Kirby emphasized this initiative will build upon the best intelligence practices and lessons learned during the past decade.  “We’re a learning organization and we’ve learned a lot over the last 10 years,” he said, “and one of the things we’ve learned is that we can do better in this realm and we can contribute better to the intelligence community across the interagency in this realm.”

New Defense Service Enhances Intelligence Capabilities, American Forces Press Service (DOD Press Release), April 24, 2012

Water Experiments: water diversion and drought

In the past year alone, say Chinese officials, levels in nine lakes on the Yunnan-Guizhou plateau (South China) have dropped by 70cm, marking a total loss of 300m cubic metres of water. The regional drought is now in its third year, and in that time 270-odd rivers and 410 small reservoirs have dried up in Yunnan alone. Residents at lower elevations are better able to tap into groundwater, and have so far been able to carry on as before.

Even so, not only hilltop farmers are affected. Residents in Yunnan’s capital, Kunming, suffer periodic stoppages in supplies of tap water. West of the city, dry conditions are causing forest fires. The region’s growers of such valuable crops as tea and medicinal herbs have suffered, causing prices of those commodities to soar. Hydropower production has also fallen with water levels. Officials report that last year nationwide output rose by 9% year-on-year, but in the southern provinces of Yunnan, Guizhou, Guangdong, Guangxi and Hainan drought caused a 47% fall in reserve power capacity.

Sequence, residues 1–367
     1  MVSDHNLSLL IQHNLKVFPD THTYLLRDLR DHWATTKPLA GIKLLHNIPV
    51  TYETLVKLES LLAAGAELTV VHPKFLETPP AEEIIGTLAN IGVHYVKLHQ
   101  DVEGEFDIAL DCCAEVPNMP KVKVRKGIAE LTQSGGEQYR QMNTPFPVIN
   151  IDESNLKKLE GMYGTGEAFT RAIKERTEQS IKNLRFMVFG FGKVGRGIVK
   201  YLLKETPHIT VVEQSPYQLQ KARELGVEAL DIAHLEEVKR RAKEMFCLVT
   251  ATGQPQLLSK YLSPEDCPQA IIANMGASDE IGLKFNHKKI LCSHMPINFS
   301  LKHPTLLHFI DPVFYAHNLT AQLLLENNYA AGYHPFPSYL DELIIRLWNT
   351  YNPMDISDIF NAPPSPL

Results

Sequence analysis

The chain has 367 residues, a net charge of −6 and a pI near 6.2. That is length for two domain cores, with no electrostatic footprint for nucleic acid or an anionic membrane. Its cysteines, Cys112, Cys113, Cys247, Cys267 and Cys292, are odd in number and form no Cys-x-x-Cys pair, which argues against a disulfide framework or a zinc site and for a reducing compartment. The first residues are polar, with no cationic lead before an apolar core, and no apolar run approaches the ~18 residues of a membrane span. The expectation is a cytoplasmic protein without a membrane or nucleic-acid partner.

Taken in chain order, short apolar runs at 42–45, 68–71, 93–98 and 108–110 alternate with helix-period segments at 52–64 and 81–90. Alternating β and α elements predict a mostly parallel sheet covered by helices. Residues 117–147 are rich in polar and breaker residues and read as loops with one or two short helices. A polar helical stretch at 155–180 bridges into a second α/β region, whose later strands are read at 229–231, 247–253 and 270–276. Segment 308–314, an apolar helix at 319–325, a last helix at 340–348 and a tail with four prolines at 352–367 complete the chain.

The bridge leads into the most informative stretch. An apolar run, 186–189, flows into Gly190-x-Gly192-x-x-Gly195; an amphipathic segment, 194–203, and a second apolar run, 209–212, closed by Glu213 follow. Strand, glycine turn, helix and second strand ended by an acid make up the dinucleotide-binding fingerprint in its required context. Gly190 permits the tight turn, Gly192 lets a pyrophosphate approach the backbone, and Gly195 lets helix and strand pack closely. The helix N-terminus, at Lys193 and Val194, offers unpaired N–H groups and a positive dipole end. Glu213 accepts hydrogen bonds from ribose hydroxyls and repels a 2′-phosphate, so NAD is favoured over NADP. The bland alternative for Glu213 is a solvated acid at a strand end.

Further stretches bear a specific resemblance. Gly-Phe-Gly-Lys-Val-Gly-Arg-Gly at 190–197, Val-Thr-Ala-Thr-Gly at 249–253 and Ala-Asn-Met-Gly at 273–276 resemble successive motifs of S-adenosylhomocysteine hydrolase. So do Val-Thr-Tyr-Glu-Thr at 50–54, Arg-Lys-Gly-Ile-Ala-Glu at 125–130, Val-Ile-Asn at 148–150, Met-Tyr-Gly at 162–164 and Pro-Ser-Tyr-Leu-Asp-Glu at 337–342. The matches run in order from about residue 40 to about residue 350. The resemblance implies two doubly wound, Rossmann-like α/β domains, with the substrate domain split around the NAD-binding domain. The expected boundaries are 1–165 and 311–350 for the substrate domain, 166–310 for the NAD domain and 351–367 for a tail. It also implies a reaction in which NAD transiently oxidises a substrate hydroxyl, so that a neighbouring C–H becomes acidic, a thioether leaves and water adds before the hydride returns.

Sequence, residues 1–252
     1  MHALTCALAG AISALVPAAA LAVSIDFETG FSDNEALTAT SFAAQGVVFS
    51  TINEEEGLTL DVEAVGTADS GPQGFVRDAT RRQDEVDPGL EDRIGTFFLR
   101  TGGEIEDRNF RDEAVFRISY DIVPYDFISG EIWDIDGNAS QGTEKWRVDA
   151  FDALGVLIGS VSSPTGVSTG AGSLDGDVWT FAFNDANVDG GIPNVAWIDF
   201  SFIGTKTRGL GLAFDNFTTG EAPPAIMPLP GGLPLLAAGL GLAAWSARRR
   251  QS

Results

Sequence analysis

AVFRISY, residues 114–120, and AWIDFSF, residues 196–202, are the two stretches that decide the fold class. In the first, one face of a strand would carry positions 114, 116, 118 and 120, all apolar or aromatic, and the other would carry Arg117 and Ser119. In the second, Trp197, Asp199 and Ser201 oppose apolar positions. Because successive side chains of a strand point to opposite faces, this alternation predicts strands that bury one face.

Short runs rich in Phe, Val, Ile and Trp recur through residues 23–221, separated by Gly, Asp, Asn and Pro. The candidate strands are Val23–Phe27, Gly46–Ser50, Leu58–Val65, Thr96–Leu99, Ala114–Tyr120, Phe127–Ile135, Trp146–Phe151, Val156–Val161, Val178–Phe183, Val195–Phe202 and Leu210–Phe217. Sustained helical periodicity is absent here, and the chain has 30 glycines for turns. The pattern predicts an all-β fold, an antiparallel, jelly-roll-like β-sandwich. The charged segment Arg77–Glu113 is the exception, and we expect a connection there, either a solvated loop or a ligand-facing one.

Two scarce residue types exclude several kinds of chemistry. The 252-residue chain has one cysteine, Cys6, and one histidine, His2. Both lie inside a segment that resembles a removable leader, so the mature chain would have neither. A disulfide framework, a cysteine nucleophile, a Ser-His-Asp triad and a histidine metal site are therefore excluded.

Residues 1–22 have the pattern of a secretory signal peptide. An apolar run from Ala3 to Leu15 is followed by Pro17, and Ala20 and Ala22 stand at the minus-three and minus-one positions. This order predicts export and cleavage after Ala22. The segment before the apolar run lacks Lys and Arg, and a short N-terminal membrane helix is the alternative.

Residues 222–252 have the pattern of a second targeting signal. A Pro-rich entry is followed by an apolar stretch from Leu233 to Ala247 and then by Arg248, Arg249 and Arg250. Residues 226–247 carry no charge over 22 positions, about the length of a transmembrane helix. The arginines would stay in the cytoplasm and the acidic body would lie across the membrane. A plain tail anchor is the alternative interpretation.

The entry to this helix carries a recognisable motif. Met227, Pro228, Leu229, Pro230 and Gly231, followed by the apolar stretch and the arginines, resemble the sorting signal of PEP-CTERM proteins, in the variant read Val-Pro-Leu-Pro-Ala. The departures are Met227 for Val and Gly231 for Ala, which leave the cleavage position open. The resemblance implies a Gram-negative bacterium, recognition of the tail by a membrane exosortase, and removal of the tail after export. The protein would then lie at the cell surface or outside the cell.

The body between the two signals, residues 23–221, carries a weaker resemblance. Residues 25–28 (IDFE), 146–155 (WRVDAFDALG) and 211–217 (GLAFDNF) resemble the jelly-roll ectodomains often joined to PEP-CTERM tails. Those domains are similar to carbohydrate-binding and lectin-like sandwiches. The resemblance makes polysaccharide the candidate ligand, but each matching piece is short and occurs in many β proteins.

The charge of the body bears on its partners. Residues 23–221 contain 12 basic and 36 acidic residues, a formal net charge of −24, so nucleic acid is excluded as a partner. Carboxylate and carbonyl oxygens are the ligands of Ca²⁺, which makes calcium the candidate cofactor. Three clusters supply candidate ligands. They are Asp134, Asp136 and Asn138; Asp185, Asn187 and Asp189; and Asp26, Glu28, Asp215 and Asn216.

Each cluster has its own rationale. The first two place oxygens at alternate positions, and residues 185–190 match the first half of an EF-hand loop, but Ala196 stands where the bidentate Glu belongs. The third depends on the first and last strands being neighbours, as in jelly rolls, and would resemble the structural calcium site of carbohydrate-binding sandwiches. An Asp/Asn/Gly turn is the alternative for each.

The repercussions threaten to affect an ambitious central-government project, imperial in scale, to transfer vast amounts of water from the south to the parched north of the country. China has already invested 137 billion yuan ($22 billion) in what it calls the South-North Water Diversion Project, and is set to invest another 64 billion yuan this year. The idea is to pump water from the Yangzi river northward through pipes and canals along three separate routes. Priority is given to the eastern route, which by 2014 is expected to bring 1 billion cubic metres of water a year to Beijing—a quarter of the capital’s annual supply.  From its inception, the vast scheme has suffered both delays and criticism. One concern has been the cost, both of the initial construction and of the expense of pumping so much water over such distances. The project has also required that at least 330,000 residents along its course accept being relocated.